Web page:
[i] Okun MS, Bowers D, Springer U, Shapira NA, Malone D, Rezai AR, Nuttin B, Heilman KM, Morecraft RJ, Rasmussen SA, Greenberg BD, Foote KD, Goodman WK. What’s in a “smile?” Intra-operative observations of contralateral smiles induced by deep brain stimulation. Neurocase. 2004 Aug;10(4):271-9.


[ii] Swenson AJ, Leira EC. Paroxysmal sneezing at the onset of lateral medullary syndrome: cause or consequence? Eur J Neurol. 2007 Apr;14(4):461-3.


[iii] Krout RE. The effects of single-session music therapy interventions on the observed and self-reported levels of pain control, physical comfort, and relaxation of hospice patients. Am J Hosp Palliat Care. 2001 Nov-Dec;18(6):383-90.


[iv] Schellenberg EG, Hallam S. Music listening and cognitive abilities in 10- and 11-year-olds: the blur effect. Ann N Y Acad Sci. 2005 Dec;1060:202-9.


Aoun P, Jones T, Shaw GL, Bodner M. Long-term enhancement of maze learning in mice via a generalized Mozart effect. Neurol Res. 2005 Dec;27(8):791-6.
Bangerter A, Heath C.
Bangerter A, Heath C. The Mozart effect: tracking the evolution of a scientific legend. Br J Soc Psychol. 2004 Dec;43(Pt 4):605-23.


[v] Wlodarczyk N. The effect of music therapy on the spirituality of persons in an in-patient hospice unit as measured by self-report. J Music Ther. 2007 Summer;44(2):113-22.


[vi] Yates LB, Djoussé L, Kurth T, Buring JE, Gaziano JM. Exceptional longevity in men: modifiable factors associated with survival and function to age 90 years. Arch Intern Med. 2008 Feb 11;168(3):284-90.


[vii] Barclay L. Exercise May Have Neuroprotective Effect. Medscape Medical News (medscape.com).


[viii] Jacobs R, Harvey AS, Anderson V. Executive function following focal frontal lobe lesions: impact of timing of lesion on outcome. Cortex. 2007 Aug;43(6):792-805.
Counts SE, Nadeem M, Lad SP, Wuu J, Mufson EJ. Differential expression of synaptic proteins in the frontal and temporal cortex of elderly subjects with mild cognitive impairment. J Neuropathol Exp Neurol. 2006 Jun;65(6):592-601.


[ix] Elston GN. Pyramidal cells of the frontal lobe: all the more spinous to think with. J Neurosci. 2000 Sep 15;20(18):RC95.


[x] Deacon T. The Symbolic Species: The Co-evolution of Language and the Brain. Norton, 1997.


[xi] Unger JB, McAvay G, Bruce ML, Berkman L, Seeman T. Variation in the impact of social network characteristics on physical functioning in elderly persons: MacArthur Studies of Successful Aging. J Gerontol B Psychol Sci Soc Sci. 1999; 54(5):S245-S251.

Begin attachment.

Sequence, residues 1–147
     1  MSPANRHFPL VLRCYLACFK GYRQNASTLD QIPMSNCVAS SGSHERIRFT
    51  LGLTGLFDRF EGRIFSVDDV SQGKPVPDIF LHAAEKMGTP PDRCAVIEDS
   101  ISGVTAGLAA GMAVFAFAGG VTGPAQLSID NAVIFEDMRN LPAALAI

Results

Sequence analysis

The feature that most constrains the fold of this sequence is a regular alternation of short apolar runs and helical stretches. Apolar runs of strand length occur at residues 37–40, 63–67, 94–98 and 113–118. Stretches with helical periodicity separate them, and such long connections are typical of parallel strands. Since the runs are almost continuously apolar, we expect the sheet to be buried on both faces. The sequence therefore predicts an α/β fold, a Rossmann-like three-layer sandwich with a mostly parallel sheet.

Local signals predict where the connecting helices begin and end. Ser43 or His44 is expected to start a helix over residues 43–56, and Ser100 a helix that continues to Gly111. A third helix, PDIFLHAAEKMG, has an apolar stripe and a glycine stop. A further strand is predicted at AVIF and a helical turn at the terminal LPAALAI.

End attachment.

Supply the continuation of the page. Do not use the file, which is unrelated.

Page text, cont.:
Bassuk SS, Glass TA, Berkman LF. Social disengagement and incident cognitive decline in community-dwelling elderly persons. Ann Intern Med. 1999;131 (3):165-173.
Aartsen MJ, Van Tilburg T, Smits CH, Comijs HC, Knipscheer KC. Does widowhood affect memory performance of older persons? Psychol Med. 2005;35 (2):217-226.


[xii] Sharot T, Riccardi AM, Raio CM, Phelps EA. Neural mechanisms mediating optimism bias. Nature. 2007 Nov 1;450(7166):102-5.


[xiii] http://www.mayoclinic.com/health/positive-thinking/SR00009.


Kung S, Rummans TA, Colligan RC, Clark MM, Sloan JA, Novotny PJ, Huntington JL. Association of optimism-pessimism with quality of life in patients with head and neck and thyroid cancers. Mayo Clin Proc. 2006 Dec;81(12):1545-52.


[xiv]  Evans P, Forte D, Jacobs C, Fredhoi C, Aitchison E, Hucklebridge F, Clow A. Cortisol secretory activity in older people in relation to positive and negative well-being. Psychoneuroendocrinology. 2007 Sep-Nov;32(8-10):922-30.
Schlotz W, Schulz P, Hellhammer J, Stone AA, Hellhammer DH. Trait anxiety moderates the impact of performance pressure on salivary cortisol in everyday life. Psychoneuroendocrinology. 2006 May;31(4):459-72.
Lai JC, Evans PD, Ng SH, Chong AM, Siu OT, Chan CL, Ho SM, Ho RT, Chan P, Chan CC.Optimism, positive affectivity, and salivary cortisol. Br J Health Psychol. 2005 Nov;10(Pt 4):467-84.


[xv] Treharne GJ, Lyons AC, Booth DA, Kitas GD. Psychological well-being across 1 year with rheumatoid arthritis: coping resources as buffers of perceived stress. Br J Health Psychol. 2007 Sep;12(Pt 3):323-45.
Steptoe A, Marmo M, Wardle J. Positive affect and psychosocial processes related to health.Br J Psychol. 2007 Jun 27.
Martínez-Correa A, Reyes del Paso GA, García-León A, González-Jareño MI. [Relationship between dispositional optimism/pessimism and stress coping strategies] Psicothema. 2006 Feb;18(1):66-72.
Nes LS, Segerstrom SC. Dispositional optimism and coping: a meta-analytic review.
Pers Soc Psychol Rev. 2006;10(3):235-51.
Schou I, Ekeberg Ø, Ruland CM. The mediating role of appraisal and coping in the relationship between optimism-pessimism and quality of life. Psychooncology. 2005 Sep;14(9):718-27.


[xvi] Brummett BH, Helms MJ, Dahlstrom WG, Siegler IC. Prediction of all-cause mortality by the Minnesota Multiphasic Personality Inventory Optimism-Pessimism Scale scores: study of a college sample during a 40-year follow-up period. Mayo Clin Proc. 2006 Dec;81(12):1541-4.
[xvii] http://www.ppc.sas.upenn.edu/aboutus.htm.